Program now assists more than 800 veterans
DETROIT (AP) — More than 800 veterans in the state of Michigan have received assistance from Project Salute at the University of Detroit Mercy School of Law. But with the wars in Iraq and Afghanistan ongoing, such needs are only continuing to grow.
The efforts of a dedicated group of lawyers have kept Project Salute top of mind around the area. Combined with the law school’s Veterans Law Clinic, the two UDM-run programs are designed to address the compelling legal needs of veterans around the state. The programs focus on veterans’ federal disability and pension benefits through education, law student representation and pro bono attorney referral.
Thus far the clinic and Project Salute organizers have trained more than 300 statewide lawyers to serve as pro bono advocates on behalf of these veterans. As of early August, there were approximately 140 lawyers working on client cases. And Project Salute has held more than 65 clinics for veterans around Michigan so far this year, with 35 more scheduled for this fall, said Executive Director Tammy Kudialis.
“You may think of the Veterans’ Administration helping older veterans who served in Vietnam, Korea and even World War II but Afghanistan is the longest running war in U.S. history,” Kudialis said. “More than 36,000 troops have been wounded in action (in Iraq and Afghanistan) and all those veterans need our help.
“They had our back when our country needed defending and now we need to have their back. That is why we do this.”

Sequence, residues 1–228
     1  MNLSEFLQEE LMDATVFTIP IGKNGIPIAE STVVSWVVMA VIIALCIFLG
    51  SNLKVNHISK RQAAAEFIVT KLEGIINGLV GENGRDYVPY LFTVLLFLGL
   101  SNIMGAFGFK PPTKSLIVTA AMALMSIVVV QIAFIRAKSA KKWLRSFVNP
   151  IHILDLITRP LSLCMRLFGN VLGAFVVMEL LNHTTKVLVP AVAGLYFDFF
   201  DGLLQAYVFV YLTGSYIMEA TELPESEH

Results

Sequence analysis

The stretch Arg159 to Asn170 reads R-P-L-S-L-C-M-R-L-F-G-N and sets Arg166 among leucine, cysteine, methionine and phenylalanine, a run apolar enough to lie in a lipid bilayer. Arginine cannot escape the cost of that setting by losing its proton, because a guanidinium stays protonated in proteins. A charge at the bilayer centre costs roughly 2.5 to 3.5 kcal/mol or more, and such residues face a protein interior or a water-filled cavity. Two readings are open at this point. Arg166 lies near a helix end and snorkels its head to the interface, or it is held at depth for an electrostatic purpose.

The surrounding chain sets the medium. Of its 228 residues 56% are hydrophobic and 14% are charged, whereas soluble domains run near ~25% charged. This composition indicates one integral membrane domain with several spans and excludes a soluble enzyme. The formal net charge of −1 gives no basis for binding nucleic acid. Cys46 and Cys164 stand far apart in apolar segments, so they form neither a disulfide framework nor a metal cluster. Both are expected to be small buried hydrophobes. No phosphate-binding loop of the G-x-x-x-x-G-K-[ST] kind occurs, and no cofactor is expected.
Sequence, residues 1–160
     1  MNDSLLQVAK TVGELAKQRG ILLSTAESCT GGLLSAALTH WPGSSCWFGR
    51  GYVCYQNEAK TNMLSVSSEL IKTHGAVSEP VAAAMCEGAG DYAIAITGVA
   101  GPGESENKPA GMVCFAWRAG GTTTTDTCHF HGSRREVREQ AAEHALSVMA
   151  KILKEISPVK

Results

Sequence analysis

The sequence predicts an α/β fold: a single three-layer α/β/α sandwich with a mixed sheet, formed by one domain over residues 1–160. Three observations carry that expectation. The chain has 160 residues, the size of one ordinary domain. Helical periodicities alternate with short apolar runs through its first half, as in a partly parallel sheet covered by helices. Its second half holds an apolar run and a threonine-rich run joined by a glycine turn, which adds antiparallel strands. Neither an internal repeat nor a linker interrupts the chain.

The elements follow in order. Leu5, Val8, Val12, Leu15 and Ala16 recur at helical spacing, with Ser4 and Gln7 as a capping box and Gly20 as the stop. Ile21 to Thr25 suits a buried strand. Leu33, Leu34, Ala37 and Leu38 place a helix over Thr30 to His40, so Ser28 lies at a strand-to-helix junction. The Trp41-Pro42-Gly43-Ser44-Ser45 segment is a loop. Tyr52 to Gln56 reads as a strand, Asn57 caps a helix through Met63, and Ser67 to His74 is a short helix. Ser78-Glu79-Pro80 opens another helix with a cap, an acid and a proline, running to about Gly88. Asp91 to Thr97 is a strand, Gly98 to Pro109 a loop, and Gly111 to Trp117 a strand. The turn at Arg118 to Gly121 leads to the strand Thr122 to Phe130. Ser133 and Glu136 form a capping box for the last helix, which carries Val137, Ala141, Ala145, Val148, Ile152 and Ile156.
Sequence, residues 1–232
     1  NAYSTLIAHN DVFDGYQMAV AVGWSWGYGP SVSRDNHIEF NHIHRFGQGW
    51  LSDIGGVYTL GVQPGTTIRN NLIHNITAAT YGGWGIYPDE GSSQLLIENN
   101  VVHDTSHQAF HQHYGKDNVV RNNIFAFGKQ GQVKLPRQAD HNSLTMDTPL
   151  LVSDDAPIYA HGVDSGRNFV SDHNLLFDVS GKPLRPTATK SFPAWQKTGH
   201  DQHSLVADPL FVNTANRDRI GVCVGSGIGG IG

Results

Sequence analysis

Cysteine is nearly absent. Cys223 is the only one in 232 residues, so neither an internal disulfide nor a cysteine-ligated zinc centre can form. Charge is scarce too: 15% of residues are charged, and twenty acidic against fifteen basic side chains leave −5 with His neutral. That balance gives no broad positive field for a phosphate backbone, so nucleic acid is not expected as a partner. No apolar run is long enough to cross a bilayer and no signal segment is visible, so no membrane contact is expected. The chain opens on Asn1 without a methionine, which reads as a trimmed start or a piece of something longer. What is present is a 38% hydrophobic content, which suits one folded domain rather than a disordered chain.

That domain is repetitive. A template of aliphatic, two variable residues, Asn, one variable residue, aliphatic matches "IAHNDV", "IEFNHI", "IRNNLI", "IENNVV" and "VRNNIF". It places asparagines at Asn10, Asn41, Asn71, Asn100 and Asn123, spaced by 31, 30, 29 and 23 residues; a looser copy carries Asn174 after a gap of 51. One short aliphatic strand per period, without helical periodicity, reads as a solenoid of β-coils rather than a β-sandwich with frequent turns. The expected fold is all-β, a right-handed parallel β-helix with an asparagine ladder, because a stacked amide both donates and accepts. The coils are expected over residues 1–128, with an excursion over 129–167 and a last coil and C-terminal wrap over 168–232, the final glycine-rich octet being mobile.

The typical Project Salute client is a Vietnam veteran. Many of the clients are sick and need immediate medical assistance. Without their disability and pension checks, it can be hard to afford the medical attention they need to get well. That goes for veterans of all ages, as many clients who have served one or more tours overseas this decade have suffered PTSD or other brain injuries hindering their ability to function normally.
“This is a group of people who have immediate needs and they may not even know where to go to get their benefits,” Kudialis said.
Project Salute has also trained legal aid organizations around the state on how best to handle client needs and get veterans the benefits they are owed, Kudialis said. It can be difficult for veterans to even understand what they are eligible for without such personal assistance.
That’s where volunteer lawyers and law school volunteers come in. Project Salute hosts monthly web-based training programs for volunteer lawyers that are available in either three- or eight-hour segments, which allow volunteers to understand how they can help and the information they can provide veterans. On average around 100 second and third-year UDM Law students also help clients through the program, with many of the students directly handling client cases.
Volunteers to Project SALUTE come from all backgrounds — from corporate attorneys at Fortune 500 firms to sole practitioners who are starting their own firm. Many of the volunteer lawyers have a direct link to veterans, family members such as parents, siblings and sons or daughters who have, or currently do serve in the military, Kudialis said.